7. the key to a happy marriage is age.  Men mature quite late (in their late twenties or early thirties), while women mature much earlier.  I can’t remember the exact timing without some research, but I recall that women are designed to have babies in their late teens or early twenties (physically).  So you really need a bit of an age difference.
  8. this answer is similar to the previous point, but very slightly different.  A good marriage depends on both parties actually being ready to get married (which is quite different than them thinking that they’re ready to get married, but I digress).  As it turns out, statistics from matchmaking services indicate that when two people are both ready to get married, they will have a successful union regardless of how well they actually know each other.  This may (or may not) partially explain why arranged marriages have a higher success rate than you might expect.
  9. just kidding about that last Churchill quote… actually, the key to a happy marriage is best described by a different Winston Churchill quote: “Attitude is a little thing that makes a big difference.”  In essence, you can choose to be happy or you can choose to be unhappy and discontent.  Your reaction to events is a choice you can (and must) make.  This is not only the key to a happy marriage, but to a happy life in general.
  10. I had you going there, didn’t I?  The real relevant Churchill quote is actually: “Never, never, never give up.”
  11. you will notice that I have not mentioned “love”.  That’s because statistically, arranged marriages are slightly more successful than marriages based on love (if such a thing really exists).  Cynics believe that a good marriage is more of a business relationship; or as it was put to me once long ago: “women give sex for friendship, men give friendship for sex.”  Something to think about.
  12. the key to a happy marriage is for the male to very occasionally come up with irrefutable logic showing that he is correct while simultaneously making the female happy.  This has only happened to me once in my lifetime, and was one of the most euphoric moments of my brief existence thus far:
  • me: <gives an opinion involving a matter of taste>
  • her: <gives a contractory opinion>
  • me: “You’re wrong.  I’m right.  I have better taste than you.” <– this is a potentially fatal statement.
  • her: “You do not!!!!!” <– moving quietly towards the knife block in the kitchen.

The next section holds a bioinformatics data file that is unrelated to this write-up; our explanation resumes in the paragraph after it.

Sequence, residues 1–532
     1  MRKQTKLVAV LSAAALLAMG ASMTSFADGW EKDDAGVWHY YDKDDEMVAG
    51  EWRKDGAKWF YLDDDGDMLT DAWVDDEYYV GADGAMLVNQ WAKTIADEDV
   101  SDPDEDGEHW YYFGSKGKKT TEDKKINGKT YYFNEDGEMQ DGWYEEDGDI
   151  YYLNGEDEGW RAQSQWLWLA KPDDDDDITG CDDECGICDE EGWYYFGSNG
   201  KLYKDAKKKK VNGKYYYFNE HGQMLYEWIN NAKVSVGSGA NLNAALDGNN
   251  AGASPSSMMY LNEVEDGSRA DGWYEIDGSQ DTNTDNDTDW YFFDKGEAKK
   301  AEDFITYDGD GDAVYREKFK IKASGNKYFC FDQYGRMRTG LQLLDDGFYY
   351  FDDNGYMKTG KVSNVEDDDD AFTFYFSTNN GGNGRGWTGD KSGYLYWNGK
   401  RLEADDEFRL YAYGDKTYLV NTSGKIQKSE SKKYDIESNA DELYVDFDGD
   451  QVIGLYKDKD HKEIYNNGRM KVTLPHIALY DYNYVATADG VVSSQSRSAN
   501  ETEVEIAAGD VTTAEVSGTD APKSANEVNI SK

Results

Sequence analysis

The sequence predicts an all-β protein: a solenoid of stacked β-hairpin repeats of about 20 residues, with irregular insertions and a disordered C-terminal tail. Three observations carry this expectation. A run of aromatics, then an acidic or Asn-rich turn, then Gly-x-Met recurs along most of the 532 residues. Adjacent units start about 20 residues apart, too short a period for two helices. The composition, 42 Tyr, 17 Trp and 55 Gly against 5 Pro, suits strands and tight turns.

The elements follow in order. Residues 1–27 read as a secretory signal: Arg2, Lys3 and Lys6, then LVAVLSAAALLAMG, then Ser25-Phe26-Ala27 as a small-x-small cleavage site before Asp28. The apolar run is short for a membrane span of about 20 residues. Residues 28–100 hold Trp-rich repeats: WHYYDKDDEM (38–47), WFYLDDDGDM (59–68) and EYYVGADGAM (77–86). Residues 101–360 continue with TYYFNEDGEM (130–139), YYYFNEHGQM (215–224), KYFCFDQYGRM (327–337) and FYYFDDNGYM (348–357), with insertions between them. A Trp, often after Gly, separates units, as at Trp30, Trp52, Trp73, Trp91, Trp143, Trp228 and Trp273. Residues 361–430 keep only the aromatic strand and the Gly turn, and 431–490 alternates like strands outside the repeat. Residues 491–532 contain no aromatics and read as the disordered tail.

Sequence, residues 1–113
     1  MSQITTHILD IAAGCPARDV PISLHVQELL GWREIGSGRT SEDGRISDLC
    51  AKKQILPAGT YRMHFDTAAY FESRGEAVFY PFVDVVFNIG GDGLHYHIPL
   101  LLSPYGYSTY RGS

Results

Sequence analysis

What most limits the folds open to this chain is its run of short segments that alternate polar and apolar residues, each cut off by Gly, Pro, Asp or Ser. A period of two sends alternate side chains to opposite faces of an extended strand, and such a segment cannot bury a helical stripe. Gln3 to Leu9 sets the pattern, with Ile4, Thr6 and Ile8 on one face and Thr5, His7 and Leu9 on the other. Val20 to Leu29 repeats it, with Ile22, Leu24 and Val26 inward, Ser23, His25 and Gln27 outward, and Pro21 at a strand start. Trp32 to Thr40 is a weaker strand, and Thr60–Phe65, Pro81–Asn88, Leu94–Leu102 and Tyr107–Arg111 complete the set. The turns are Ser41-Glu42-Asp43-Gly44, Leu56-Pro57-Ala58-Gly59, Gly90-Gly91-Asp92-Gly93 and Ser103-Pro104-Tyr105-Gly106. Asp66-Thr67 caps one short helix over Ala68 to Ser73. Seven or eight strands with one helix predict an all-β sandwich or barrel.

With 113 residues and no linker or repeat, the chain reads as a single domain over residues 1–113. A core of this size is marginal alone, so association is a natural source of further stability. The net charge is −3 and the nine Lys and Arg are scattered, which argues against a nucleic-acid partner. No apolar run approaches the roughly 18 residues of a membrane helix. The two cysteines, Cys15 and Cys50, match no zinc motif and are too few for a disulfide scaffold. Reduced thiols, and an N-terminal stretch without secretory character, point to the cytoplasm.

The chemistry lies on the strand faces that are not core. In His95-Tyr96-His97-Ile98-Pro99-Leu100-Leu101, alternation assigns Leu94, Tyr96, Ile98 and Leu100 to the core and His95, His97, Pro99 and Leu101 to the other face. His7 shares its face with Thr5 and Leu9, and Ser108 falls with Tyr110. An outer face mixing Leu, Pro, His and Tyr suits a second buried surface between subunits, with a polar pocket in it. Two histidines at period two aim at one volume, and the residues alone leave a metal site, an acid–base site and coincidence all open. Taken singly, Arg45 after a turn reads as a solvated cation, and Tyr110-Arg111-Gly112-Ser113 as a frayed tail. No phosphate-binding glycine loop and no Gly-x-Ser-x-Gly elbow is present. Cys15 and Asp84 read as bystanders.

• me:  ”Yes I do.  After all, I married you… but you married me.”
  • Game, Set, Match.

There you go.  Though each of these possible answers at least tangentially touch on the truth, one of them is the exact full truth.  Let the discussions begin.

What do you think of having your own website? Is it everything you dreamed it would be?

- Allen Pike

March 8th, 2010

Very nice, indeed.  A forum in which to pontificate (which is illegal in certain States; making it even more satisfying).

I just hope people find it, because I have a LOT of answers saved up!

What was the most interesting thing you saw on your cruise through the Panama Canal?

- Kate

July 18th, 2009

Four things I really remember:

  1. when, in the airport in Vancouver, my father’s pants fell down.  Ask me about that one some time!
  2. the locks themselves. It’s pretty cool being on a ship that is only a couple of feet from the side of the locks. And although I am totally aware of how the locks work, it’s an experience actually being on a ship and seeing it happen.
  3. tankers full of goods from China in the Panama Canal.  Lots of them.
  4. an unexpected explosion in the distance — they are making the canal deeper and wider but I was expecting only dredging, not the use of dynamite to do so!

BUT — the most interesting thing that I heard was when my 82 year old father told me a never-before-told story.  He had been through the canal 6 times (3 each way) while in the Canadian Navy.  On each trip, they spent a couple of weeks in Magdalena Bay (which is on the Pacific coast of Mexico.  One day, him and another fellow took a boat from the the HMCS Ontario and went to shore.  Once there, they stripped naked and ran down the beach.

Never heard that one before, and I must confess that I can’t quite picture him as a 22-year-old.

It was as disturbing as the day a child figures out that his or her parents must have had sex at least once… or more than once if the child has siblings.